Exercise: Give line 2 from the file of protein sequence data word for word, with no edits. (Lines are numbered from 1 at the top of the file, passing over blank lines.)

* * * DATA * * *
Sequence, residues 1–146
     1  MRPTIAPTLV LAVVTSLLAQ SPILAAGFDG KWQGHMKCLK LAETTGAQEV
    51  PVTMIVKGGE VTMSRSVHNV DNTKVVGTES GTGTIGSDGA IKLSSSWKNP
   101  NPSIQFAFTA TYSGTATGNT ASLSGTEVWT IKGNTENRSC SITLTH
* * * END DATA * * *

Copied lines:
     1  MRPTIAPTLV LAVVTSLLAQ SPILAAGFDG KWQGHMKCLK LAETTGAQEV